The matrix band is usually made of precurved metal that adapts to the natural curve of the tooth. It has to be thin enough to account for space to ensure contact tightness, but strong enough that it doesn’t crumple under pressure and produce concave contacts. Have a variety of heights, widths, and some matrix bands for subgingival situations on hand. Not all tooth sizes and preps are universal. 

The wedge takes advantage of the stretch inherent in the tooth periodontal ligament (PDL). A strong wedge application allows us to overcome the space a matrix band takes. The wedge also allows for a strong seal with the proximal box and prevention of leakage and future recurrent decay, as well as the prevention of an overhang or void. Plastic wedges compress when inserting, expand when in place, prevent crushing of the gingiva, and have little plastic cilia to prevent them from backing out. Wooden wedges still work to create a seal and separation, and prevent fluid leakage. Not every gingival embrasure is created equal, so it is important to have a variety of sizes and shapes. 

The last component of a matrix system, the ring, is where we have seen the biggest advancement. The advent of NiTi metal rings, with their inherent natural springiness, allowed for adaptation of the metal matrix and separation, but there are disadvantages. If not contoured correctly, the ring will “crunch” the metal matrix, especially in wide preps. The NiTi rings stretch out and need to be replaced often. Finally, in a quadrant full of MODs, you can’t stack the rings. However, the addition of V-shaped plastic tines, in addition to the metal rings, has made it possible to overcome these disadvantages. The tines have extra width and enable the ring to contact more of the tooth structure buccally and lingually, especially in wide preps, and their different heights accommodate the different sizes of patients’ teeth.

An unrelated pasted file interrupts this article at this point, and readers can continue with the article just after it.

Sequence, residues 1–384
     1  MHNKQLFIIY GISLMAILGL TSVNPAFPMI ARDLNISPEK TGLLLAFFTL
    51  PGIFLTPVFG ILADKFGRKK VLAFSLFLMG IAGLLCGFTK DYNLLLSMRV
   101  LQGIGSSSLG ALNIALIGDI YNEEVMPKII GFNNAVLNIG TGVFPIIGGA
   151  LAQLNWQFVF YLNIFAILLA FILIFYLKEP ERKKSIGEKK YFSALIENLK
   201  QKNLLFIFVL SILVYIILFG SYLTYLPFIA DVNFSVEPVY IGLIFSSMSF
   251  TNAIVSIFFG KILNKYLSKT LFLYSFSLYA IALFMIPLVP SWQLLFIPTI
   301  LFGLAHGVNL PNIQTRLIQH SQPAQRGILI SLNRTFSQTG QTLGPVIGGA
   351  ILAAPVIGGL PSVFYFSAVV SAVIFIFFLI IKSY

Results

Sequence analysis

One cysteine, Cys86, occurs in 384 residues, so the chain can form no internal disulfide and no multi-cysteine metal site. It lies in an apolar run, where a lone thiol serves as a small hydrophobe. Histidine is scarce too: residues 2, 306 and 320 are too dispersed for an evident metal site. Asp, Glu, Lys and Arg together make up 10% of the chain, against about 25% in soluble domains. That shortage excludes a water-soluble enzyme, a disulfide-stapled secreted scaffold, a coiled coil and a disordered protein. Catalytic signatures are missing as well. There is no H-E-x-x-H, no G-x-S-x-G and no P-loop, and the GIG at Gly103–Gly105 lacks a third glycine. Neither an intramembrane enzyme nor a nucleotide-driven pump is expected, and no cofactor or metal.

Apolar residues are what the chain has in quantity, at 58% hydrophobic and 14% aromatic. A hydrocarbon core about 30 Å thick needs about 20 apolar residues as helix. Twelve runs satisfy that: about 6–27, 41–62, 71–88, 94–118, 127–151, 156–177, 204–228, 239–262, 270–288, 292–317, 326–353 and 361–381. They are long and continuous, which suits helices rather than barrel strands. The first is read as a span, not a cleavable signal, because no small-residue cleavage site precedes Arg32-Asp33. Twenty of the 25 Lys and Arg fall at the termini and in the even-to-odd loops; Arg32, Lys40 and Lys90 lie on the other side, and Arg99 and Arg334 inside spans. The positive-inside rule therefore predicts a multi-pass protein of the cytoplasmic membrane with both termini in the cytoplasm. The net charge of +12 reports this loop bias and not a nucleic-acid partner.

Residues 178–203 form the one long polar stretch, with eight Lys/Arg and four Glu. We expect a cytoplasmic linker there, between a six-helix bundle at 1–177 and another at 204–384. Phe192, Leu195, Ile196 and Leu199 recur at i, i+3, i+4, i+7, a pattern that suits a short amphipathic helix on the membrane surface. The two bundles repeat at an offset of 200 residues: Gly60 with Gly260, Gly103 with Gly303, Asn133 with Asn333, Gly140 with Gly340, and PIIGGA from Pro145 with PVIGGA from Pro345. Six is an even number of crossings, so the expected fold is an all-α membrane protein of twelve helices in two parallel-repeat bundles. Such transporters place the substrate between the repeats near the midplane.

With improvements in matrix system materials and designs, you can rest assured that the Four Horsemen will not come for you in the Last Judgment. You can get good contact area, good contour, good gingival seal, and good tight contact predictably. Remember, the matrix system is a workhorse in your practice, so invest in a quality system so you won’t have to replace composites you just completed. With efficient, predictable matrix systems, you can fight off any enemy and look forward to conquering that quadrant of class II composites.  


1911 De Cell M01Erin Elliott, DDS, a practicing dentist in Post Falls, Idaho, has successfully integrated dental sleep medicine into her practice. She lectures extensively and leads a hands-on workshop focusing on practical strategies for successful implementation of sleep medicine into the general practice. She is active in the American Academy of Sleep Medicine and American Academy of Dental Sleep Medicine, and she is a past president and diplomate of the American Sleep and Breathing Academy. Contact her at erinelliottdds@gmail.com